Following President Obama’s lead, Sen. Sheldon Whitehouse chided the Supreme Court saying some of its members have become more interested in activism than jurisprudence.
“If you can’t tell the difference between health care and broccoli there’s a real problem,” he said this morning at RIC, referencing Justice Antonin Scalia’s line of questioning as the court debated Obamacare last week.
Whitehouse even offered a reply to Scalia’s broccoli comparison.
“If you house burns down, we don’t rebuild your house,” he said, while talking to a group at RIC for the Health Care Exchange Commission meeting he attended. “But if you go to the hospital, we fix your broken leg.”
Later in the day, on a conference call with Sen. Chuck Schumer, D-NY, he said, “There comes a point when have to be able to tell the truth about the Supreme Court, and that is it’s activist and is becoming even more activist. One might even say corporate activism.”
Whitehouse, a member of the Judiciary Committee, was once considered by President Obama for an open slot on the high court.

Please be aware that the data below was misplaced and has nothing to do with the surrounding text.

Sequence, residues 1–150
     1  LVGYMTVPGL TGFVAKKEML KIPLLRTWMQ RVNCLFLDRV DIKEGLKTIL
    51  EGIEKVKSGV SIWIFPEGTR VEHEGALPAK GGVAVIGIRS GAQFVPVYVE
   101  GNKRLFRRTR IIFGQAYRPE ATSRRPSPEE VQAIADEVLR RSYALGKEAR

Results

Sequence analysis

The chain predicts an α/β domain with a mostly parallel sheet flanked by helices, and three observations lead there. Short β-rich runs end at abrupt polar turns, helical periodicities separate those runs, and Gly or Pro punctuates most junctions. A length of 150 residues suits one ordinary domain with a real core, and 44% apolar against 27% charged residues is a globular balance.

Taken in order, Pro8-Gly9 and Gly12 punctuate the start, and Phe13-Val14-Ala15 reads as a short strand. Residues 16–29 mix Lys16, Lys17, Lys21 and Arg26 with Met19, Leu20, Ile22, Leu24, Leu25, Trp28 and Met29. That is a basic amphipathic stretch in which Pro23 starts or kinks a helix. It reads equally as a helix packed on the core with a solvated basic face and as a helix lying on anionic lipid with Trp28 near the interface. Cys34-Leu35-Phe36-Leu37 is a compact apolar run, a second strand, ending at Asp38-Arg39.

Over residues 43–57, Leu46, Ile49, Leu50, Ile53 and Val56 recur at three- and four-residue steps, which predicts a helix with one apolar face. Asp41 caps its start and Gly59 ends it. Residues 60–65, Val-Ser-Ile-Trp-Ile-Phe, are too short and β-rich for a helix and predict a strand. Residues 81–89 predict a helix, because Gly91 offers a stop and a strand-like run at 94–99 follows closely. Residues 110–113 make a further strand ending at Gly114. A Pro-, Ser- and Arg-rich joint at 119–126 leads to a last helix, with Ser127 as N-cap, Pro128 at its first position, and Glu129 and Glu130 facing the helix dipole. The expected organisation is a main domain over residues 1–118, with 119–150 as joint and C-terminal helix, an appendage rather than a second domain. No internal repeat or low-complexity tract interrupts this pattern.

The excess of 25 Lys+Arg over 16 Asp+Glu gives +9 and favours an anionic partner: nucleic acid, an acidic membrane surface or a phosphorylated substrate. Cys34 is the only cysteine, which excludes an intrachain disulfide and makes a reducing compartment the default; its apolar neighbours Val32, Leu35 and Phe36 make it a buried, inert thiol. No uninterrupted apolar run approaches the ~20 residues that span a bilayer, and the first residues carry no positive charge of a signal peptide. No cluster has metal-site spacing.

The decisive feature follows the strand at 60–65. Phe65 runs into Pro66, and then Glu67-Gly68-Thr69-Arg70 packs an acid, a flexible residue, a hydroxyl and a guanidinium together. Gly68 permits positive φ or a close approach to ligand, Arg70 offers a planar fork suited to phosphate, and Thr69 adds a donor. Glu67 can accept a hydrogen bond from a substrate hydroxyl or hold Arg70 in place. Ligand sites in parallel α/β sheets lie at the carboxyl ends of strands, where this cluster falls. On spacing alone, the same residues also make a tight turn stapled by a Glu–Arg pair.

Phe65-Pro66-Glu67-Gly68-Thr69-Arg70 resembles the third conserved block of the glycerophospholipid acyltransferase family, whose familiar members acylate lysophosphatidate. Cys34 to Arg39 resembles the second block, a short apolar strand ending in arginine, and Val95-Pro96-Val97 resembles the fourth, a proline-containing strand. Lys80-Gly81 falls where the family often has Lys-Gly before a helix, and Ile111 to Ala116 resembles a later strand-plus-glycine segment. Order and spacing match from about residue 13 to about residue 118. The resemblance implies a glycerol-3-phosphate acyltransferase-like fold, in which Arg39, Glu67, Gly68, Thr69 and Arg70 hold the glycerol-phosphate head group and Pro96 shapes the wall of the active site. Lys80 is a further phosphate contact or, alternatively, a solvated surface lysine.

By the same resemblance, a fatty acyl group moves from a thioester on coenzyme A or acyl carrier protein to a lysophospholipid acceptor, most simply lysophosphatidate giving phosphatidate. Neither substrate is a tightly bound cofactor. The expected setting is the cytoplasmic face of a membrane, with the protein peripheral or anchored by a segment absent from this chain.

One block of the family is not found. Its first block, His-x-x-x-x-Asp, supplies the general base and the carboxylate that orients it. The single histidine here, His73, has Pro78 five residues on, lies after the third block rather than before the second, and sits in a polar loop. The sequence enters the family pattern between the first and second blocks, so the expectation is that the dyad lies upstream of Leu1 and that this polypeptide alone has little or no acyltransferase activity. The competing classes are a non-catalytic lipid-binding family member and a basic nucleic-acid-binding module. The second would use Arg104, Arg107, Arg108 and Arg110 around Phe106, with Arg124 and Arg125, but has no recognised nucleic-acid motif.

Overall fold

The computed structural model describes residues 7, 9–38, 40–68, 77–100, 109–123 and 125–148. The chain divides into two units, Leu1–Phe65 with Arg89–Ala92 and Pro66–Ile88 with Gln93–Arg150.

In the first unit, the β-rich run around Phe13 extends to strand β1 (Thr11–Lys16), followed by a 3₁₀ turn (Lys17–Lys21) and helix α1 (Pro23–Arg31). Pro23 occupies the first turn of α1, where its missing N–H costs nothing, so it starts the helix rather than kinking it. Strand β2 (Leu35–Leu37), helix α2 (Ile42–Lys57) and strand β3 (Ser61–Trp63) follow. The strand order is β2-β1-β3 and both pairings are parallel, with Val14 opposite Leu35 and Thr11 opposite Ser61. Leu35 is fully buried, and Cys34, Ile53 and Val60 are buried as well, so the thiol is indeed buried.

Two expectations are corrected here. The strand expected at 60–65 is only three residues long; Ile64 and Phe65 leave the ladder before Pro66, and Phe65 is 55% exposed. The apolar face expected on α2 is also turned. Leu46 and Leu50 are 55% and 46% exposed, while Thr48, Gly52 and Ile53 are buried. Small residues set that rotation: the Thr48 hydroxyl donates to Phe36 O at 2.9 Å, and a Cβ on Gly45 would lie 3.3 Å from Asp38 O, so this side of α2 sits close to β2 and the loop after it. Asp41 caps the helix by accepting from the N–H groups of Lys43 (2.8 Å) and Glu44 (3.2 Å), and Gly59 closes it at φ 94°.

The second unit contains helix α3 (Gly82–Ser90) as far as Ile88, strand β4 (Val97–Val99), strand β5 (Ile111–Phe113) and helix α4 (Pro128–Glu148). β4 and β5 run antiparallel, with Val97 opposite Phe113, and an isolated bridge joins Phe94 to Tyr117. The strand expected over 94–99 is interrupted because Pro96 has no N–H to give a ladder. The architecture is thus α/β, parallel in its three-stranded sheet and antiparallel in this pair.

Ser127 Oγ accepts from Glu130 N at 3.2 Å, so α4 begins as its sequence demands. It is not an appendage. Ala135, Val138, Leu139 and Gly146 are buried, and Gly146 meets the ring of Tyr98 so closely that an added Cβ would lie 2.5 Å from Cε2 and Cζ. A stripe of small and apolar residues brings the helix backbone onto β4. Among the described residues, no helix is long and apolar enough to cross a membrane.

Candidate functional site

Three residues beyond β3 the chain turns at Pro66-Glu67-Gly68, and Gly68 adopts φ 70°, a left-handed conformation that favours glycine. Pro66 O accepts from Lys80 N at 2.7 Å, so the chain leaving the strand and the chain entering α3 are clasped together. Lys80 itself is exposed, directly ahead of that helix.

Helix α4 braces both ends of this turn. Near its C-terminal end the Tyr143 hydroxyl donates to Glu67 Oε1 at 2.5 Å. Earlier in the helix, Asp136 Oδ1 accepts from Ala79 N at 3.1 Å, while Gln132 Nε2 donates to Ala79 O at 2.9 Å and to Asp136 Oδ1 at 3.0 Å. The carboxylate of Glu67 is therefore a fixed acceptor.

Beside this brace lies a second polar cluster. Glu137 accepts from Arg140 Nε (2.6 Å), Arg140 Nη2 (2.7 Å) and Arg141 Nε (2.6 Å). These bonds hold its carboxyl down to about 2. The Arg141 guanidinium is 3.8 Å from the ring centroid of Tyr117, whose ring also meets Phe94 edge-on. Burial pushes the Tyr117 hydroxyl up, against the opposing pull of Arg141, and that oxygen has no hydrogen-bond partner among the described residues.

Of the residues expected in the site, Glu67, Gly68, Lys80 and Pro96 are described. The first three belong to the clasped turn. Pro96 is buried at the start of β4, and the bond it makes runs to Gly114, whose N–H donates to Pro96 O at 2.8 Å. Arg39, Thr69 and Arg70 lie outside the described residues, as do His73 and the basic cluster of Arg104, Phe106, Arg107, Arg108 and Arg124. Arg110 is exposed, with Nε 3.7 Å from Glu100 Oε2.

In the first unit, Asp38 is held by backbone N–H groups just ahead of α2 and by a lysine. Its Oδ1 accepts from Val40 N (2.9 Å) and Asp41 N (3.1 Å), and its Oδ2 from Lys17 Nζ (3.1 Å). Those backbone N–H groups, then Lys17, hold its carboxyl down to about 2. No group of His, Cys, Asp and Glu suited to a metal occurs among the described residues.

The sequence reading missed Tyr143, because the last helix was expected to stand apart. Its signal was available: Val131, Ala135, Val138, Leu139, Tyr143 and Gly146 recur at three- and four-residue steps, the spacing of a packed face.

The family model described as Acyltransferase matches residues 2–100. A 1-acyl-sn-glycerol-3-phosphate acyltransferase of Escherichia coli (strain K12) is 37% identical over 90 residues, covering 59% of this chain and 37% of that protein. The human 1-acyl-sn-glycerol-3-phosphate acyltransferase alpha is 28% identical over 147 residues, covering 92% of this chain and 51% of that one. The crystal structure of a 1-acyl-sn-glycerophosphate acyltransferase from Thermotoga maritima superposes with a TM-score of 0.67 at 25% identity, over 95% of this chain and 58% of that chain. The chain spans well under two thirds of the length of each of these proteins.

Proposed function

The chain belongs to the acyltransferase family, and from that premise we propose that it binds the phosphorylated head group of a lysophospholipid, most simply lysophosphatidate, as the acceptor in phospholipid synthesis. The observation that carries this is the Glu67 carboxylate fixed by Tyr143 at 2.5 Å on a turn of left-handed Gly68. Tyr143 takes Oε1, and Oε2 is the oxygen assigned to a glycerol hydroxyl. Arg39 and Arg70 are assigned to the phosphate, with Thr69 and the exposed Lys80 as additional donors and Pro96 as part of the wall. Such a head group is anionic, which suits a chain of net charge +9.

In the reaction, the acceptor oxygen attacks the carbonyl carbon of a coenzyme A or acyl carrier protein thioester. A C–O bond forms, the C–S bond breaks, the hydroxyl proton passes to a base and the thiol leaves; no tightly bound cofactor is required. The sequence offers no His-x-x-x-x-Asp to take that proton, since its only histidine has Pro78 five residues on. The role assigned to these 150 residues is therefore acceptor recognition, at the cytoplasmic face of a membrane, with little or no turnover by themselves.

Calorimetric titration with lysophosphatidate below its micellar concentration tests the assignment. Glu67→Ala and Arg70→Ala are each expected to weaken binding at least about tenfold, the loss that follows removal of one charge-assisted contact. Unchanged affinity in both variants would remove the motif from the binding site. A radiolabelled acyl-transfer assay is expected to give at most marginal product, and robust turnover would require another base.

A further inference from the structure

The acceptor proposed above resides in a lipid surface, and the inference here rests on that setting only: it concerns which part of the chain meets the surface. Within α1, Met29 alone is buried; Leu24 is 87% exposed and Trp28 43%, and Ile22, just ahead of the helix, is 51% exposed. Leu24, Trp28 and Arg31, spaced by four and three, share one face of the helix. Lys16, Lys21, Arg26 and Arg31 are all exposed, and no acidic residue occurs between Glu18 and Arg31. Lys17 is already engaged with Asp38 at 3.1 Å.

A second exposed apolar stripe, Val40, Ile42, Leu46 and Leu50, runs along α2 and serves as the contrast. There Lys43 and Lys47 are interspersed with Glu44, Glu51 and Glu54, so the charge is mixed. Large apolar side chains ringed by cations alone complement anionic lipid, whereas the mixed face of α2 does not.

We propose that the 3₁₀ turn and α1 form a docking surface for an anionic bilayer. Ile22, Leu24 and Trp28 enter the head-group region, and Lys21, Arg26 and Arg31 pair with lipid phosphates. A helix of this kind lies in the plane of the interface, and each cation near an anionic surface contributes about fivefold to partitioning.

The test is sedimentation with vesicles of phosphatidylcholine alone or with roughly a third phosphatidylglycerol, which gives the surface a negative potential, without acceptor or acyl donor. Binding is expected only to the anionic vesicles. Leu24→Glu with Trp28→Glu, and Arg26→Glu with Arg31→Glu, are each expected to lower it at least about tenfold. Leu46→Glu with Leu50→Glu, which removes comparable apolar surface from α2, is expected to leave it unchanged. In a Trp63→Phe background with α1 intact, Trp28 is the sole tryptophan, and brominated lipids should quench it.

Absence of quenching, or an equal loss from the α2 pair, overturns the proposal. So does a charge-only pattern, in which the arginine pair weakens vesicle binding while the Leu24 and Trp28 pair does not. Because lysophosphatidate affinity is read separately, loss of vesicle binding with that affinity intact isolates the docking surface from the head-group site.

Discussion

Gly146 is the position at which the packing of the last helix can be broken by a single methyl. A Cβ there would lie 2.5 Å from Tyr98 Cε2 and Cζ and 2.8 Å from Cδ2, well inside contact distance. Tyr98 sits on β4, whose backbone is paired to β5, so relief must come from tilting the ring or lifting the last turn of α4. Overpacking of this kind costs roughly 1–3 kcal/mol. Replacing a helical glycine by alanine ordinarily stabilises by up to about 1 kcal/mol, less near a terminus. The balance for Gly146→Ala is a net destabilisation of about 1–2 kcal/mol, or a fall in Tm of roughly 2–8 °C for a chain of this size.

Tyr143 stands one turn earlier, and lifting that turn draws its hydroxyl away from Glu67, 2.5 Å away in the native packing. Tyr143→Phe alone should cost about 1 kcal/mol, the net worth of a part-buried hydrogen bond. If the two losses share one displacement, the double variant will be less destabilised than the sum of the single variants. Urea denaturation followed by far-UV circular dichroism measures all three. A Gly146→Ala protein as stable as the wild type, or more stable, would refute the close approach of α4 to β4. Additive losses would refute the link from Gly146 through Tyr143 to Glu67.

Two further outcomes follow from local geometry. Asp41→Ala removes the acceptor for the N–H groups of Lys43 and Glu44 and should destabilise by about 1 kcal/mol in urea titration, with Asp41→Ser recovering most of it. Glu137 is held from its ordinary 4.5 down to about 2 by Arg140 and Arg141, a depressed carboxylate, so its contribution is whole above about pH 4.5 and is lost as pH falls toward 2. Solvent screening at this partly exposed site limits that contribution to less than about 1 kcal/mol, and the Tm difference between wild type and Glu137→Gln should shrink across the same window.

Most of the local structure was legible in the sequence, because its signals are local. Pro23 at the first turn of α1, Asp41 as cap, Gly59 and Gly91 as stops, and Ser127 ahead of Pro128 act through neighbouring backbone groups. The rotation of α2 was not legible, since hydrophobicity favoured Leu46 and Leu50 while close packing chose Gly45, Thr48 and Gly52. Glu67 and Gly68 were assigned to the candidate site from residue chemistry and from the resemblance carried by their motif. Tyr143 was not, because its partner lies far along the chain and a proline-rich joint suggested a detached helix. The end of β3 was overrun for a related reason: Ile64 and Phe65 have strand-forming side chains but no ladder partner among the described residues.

He noted the irony in Republicans and conservative-leaning Supreme Court justices taking issue with individual mandates, saying the idea was often trumpted by Richard Nixon, the Heritage Foundation and longtime moderate Republican from Rhode Island John Chafee, Gov. Linc Chafee’s dad.
“It was the insurance companies that wanted mandates in the bill,” he said, noting that only because of federalism, the idea that some decisions are best left to the states, is the issue before the Supreme Court.
“Every state can require mandates tomorrow and there isn’t a lawyer in the country who would say that is unconstitutional.”
Whitehouse said many Republicans in Congress agree that universal health insurance would be good for society, but said many are afraid of raising the ire of party extremists.
“I know people who say, ‘you’re absolutely right but I can’t talk about that because I’d get a Tea Party primary opponent if I do.'”
He added that both Republican and Democratic leaders agree that once you drill down into the deficit the big drivers are often related to health care, saying, “If we don’t do it this way, the way we are going to do it is when China says you guys are out of control and we’re not going to loan you any more money.”